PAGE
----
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Batch Brewing Company’s menu has been leaning into barbecue as of late, available for dining in or carryout, as are its brews in bottles and cans. The brewery currently offers lots of outdoor seating under an open-air pavilion, as well as indoor seating. The space has also become known for uplifting community through its various pop-ups and fundraisers in support of other local businesses impacted by the pandemic and other crises, like a Monday and Tuesday pop-up featuring Taqueria El Rey, which currently offers its chargrilled chicken, tacos, and burritos at the spot two nights a week.

Customers sit at distanced picnic tables inside a partially enclosed pole barn in the Batch Brewing Company parking lot. The picnic tables are on top of astro turf.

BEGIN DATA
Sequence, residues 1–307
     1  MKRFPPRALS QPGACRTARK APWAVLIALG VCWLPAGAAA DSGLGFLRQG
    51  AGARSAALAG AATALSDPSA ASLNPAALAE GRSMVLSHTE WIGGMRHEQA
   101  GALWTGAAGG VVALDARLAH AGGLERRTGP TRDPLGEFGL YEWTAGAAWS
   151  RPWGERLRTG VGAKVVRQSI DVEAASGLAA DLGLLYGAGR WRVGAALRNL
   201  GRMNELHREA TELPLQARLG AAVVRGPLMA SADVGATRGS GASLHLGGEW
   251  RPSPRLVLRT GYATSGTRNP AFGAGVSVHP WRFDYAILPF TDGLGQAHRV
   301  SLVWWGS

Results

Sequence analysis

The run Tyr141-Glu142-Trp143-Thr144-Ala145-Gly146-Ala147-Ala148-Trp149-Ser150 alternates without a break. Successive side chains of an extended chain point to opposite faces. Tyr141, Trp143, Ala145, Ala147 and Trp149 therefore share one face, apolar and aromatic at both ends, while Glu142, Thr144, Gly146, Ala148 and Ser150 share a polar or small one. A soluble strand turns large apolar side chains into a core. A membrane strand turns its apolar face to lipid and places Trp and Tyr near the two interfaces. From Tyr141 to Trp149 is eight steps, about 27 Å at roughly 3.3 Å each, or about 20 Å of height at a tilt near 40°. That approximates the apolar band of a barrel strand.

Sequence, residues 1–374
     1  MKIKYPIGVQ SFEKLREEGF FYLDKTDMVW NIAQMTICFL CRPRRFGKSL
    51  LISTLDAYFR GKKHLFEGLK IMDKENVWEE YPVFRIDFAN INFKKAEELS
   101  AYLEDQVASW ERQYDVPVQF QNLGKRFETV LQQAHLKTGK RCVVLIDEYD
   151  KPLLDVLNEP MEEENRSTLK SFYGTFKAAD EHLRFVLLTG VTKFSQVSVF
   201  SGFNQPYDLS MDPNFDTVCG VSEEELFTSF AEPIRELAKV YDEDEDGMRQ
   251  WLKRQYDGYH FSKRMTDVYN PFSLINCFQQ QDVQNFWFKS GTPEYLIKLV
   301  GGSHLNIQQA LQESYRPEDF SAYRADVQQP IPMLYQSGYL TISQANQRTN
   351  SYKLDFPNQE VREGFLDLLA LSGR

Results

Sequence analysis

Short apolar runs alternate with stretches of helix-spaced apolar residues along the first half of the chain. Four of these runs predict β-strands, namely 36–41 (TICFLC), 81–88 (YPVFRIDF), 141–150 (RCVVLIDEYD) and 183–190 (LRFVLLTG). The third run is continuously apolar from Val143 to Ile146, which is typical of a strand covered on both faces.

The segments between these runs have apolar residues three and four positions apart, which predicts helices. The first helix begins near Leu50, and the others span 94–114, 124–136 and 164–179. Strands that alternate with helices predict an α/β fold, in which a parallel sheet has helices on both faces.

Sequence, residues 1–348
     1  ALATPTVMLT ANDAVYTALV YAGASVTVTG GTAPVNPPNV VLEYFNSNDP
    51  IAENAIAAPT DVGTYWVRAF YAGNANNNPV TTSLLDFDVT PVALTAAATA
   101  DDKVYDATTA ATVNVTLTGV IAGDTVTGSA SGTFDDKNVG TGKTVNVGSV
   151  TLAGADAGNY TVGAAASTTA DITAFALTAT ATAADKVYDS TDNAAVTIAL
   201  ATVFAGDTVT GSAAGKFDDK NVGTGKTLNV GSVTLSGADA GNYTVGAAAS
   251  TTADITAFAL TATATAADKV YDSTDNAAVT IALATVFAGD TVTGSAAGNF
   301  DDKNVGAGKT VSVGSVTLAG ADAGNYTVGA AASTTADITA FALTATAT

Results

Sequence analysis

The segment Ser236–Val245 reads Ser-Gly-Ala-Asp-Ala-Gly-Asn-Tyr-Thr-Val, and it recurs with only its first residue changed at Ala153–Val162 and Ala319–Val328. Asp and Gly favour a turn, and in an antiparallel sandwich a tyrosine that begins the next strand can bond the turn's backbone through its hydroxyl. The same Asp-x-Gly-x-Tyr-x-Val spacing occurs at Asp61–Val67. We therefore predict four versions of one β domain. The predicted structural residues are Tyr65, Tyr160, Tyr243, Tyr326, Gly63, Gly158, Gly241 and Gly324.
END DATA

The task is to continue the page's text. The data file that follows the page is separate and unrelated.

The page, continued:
The brewery currently offers lots of outdoor seating under an open-air pavilion.
Gerard + Belevender

Ima Izakaya

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Chef Mike Ransom’s Eater Award-winning restaurants in Corktown, Midtown, and Madison Heights are known for their udon noodles swimming in rich earthy broths, and karaage fried chicken or tofu sandwiches — all set in a casual, bright space with available indoor and outdoor seating. Now Ransom is bringing his vision full circle with its newly expanded digs in the former Gold Cash Gold restaurant just west of the original Corktown spot on Michigan Avenue. Expect a more robust cocktail menu, meaty skewers from the robata grill like the delectable tsukune chicken meatballs, raw fish options like the velvety hamachi tuna crudo and ahi tuna tartare, panko-fried chicken katsu, and many other favorites.

Skewers of meat and vegetables from Ima Izakaya in Corktown, Detroit, Michigan.
Skewers from Ima Izakaya in Corktown
Fatima Syed

Tamaleria Nuevo Leon